Monday, June 23, 2008

Warning: contents under too much pressure

Yesterday my brother Seth I got to do a little shooting to test out some new loads that I cranked out for my DPMS AP4. I had about 500 various prepped and primed .223 Remington cases that I wanted to fill with some bargain bin Remington 55 grain FMJ rounds that I had ordered from Cabela's. I consulted with my trusty Sierra V edition, 2nd printing reloading manual and my Lyman 48th edition manual to find out what would be a good all-around load for target or Armageddon.

The Sierra manual has loads that were tested on a Colt AR15A2 HBAR with 20" barrel and 1:7" twist. Looking at the 55 grain loads showed 23 grains at the low side and 26.1 grains at the high side with 3,100 fps expected from AA-2230. Works for me because I had a shiny new pound of AA-2230 sitting around for just such occasion.

The Lyman manual gave a different story, although I really didn't give it but a mandatory glance, and I should have paid more attention. The load for the 55 grain soft point was given with 25 grains of AA-2230 giving a velocity of 3,272 fps with a Colt AR15, 20" barrel, and 1:7" twist.

I wanted to load these rounds towards the hot side considering the chamber for this gun is cut for both the 5.56x45mm NATO cartridge which has more pressure, and the .223 Remington. I know, I know. I'm asking for trouble. The right thing to do is load several on the light side and then work up in powder charge until your either comfortable with the round or the ejected casings show signs of overpressure. I've been handloading for a long time, so I'm aware of the consequences, and also the rewards, of loading hot.

I went with 26 grains of AA-2230 and seated the round, after which I tried out my new Lee crimp die which gives a factory crimp. The die took about ten seconds to set up and delivered clean looking crimps on every round. I loaded 223 rounds (interesting) and then took off for my parents house for a little test and evaluation with my new Beta Chrony chronograph. I've never owned a chronograph before, and in my youth I tested my handloads by performance only. I took the reloading manual at its word, so I loaded what looked like a good performer and then checked for accuracy and pressure. It was that simple.

My goal was to shoot 23 of the rounds and then store the remaining 200 for the end of the world. My DPMS has a 16" barrel with a 1:9" twist rate, so I figured I would get about 2,800 fps out of it. I was wrong.

The first rounds clocked in at 3,278 and 3,250, and they sounded hotter than normal; like 5.56x45mm NATO judging from the muzzle blast. Looking at the first few cases (.223 and 5.56 cases - I know, I know) didn't reveal anything that would suggest that they might have too much pressure, so I let the barrel cool for awhile so I could shoot some groups. Accuracy was decent with one three shot group turning out at 7/8." Not too shabby.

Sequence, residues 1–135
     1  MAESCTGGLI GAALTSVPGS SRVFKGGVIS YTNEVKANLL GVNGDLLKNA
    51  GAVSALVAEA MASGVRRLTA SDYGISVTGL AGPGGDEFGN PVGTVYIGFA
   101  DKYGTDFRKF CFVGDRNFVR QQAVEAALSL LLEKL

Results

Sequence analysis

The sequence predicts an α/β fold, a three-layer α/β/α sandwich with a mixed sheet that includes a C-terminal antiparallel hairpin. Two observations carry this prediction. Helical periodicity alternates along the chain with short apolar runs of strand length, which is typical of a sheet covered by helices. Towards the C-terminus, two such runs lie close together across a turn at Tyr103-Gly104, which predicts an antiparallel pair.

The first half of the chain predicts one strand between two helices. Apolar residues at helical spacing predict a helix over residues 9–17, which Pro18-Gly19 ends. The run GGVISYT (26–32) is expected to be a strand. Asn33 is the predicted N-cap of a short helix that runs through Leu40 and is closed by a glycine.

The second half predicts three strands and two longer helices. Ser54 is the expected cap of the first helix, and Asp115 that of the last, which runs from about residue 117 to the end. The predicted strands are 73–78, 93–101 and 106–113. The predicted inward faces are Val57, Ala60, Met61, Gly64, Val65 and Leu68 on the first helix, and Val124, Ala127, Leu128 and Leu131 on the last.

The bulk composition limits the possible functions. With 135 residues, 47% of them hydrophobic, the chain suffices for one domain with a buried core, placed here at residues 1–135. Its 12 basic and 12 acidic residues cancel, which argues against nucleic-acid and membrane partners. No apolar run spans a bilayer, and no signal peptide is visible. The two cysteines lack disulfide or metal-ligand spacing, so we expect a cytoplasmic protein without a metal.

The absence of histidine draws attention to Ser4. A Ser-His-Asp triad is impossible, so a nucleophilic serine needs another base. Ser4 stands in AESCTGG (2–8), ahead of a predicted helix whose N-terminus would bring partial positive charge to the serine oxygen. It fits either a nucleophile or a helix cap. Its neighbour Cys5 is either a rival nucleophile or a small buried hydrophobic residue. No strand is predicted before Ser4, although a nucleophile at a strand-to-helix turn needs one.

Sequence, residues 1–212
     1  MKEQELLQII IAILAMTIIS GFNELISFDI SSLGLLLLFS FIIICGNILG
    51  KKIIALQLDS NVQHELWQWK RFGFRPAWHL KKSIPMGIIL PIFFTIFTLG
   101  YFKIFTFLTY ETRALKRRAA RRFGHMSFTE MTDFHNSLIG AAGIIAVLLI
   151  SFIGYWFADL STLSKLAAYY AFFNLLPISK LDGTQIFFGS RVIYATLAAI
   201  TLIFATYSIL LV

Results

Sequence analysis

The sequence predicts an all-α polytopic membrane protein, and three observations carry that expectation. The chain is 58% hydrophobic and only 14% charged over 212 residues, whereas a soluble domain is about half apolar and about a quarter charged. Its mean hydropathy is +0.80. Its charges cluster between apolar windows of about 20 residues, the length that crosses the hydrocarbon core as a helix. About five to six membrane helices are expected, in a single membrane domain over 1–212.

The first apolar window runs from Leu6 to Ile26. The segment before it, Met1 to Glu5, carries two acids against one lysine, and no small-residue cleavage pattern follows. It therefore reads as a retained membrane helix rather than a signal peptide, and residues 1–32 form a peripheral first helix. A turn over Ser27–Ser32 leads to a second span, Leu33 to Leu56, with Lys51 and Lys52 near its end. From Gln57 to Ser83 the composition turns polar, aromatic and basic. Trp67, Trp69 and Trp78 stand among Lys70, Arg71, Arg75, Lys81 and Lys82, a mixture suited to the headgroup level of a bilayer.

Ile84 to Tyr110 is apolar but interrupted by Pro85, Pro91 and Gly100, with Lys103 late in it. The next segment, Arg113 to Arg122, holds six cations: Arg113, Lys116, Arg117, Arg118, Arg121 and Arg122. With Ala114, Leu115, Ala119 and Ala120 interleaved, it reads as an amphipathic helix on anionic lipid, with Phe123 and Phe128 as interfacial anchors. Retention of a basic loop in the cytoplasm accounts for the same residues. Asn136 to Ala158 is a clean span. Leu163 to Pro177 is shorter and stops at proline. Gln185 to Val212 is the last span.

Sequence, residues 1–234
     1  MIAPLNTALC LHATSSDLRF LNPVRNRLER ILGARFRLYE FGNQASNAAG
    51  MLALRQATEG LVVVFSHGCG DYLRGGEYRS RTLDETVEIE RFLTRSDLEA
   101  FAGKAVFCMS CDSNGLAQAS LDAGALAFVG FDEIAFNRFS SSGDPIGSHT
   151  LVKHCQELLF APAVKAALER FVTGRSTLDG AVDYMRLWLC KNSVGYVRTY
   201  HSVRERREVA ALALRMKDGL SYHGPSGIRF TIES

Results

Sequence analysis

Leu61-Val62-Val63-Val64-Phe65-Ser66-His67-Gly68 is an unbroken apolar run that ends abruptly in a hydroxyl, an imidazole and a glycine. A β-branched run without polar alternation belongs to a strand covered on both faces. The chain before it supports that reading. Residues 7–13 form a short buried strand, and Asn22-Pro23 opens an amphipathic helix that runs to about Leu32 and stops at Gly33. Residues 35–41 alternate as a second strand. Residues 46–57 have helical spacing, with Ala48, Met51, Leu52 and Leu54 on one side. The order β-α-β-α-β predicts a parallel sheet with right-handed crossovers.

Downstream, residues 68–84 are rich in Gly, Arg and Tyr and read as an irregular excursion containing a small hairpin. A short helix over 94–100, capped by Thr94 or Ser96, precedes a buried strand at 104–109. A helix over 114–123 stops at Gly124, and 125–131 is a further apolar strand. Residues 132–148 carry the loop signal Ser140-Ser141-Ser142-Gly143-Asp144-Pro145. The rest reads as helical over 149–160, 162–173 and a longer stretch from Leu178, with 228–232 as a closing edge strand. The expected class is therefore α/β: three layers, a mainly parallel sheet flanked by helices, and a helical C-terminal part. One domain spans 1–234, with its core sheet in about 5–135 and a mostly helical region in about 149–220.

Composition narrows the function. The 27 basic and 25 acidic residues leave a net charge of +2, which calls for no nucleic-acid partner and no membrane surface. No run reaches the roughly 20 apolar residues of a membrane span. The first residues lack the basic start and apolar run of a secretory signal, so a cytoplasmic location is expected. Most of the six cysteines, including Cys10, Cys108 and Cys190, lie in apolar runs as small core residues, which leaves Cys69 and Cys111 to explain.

Seth and I then set about shooting everything that we had on hand to find out what it was really doing. We quite literally had a blast. We fired a few different rifles: 7mm Magnums, .243 Winchester's, .22's, handguns. What a great time. Mother nature finally held out and decided not to rain on my day off, so that was a big plus.

At this point we fired off the rest of the loads for the DPMS, with Seth putting 9 rounds in the 8" Shoot-N-C targets at about 100 yards off hand, and some from a rest. Another look showed the resulting overpressure on the cases. I think the first rounds were Winchester cases which didn't seem to mind the pressure at all. The other cases were ones that I had picked up for months. Some of them were surplus, Federal, Lake City, Black Hills - you name it. The surplus cases had a crimped primer pocked which I reamed out to allow the primers to squeak by into the pocket, so it was no surprise to see that some of the primers were no longer in the case.

Other signs of over pressure were shiny or raised portions on the case head where the brass flowed into the ejector slot on the bolt face, and slightly deformed rims where the extractor had to pull hard to get he case out of the chamber. You can see this here in this picture. The case on the left is a Winchester which has been fired a few times. There's nothing wrong with it. The one in the middle is a no name case with the raised bump on the head at the 2 o'clock position, and the right case has the dent from the extractor.

I guess I'll lighten them up just a tad, and then finish loading the other 250 cases that I have sitting around.


Kevin said...

Word of advice: Don't reload Federal .223 brass. It's too soft, and has a nasty tendency to suffer case head separation, which can ruin your whole day.

Milsurp brass tends to weigh a bit more than commercial, meaning it's thicker and has slightly less volume, so it tends toward higher pressures for the same powder charge.

Bob said...

A.Using range pickup cases of unknown heritage is always a bit questionable, doubly questionable for hot loads, and triply questionably for SHTF ammo.

B. Did you only shoot 3-shot groups to test the load? I'd suggest a absolute minimum of a 5-shot group, and optimally a 10 or more shot group. A good discussion of the fallacy of shooting 3-shot groups is floating around at here:

Unknown said...

Thanks for the info. About half of the brass is from factory Federal ammo that I have been shooting for some time, and they appear to be the cases with the problems. I'm working on some softer loads, and I'll just use these for general plinking.

I was shooting off of a rickety table at my parent's house, so accuracy wasn't going to be on par. My brother and I did fire some 5-shot groups, but it was just too hard to keep the crosshairs on the target with the table wobbling back and forth.

I have some handloads that have turned out 5-shot 5/8" groups in this rifle, but they were fired from a solid bench.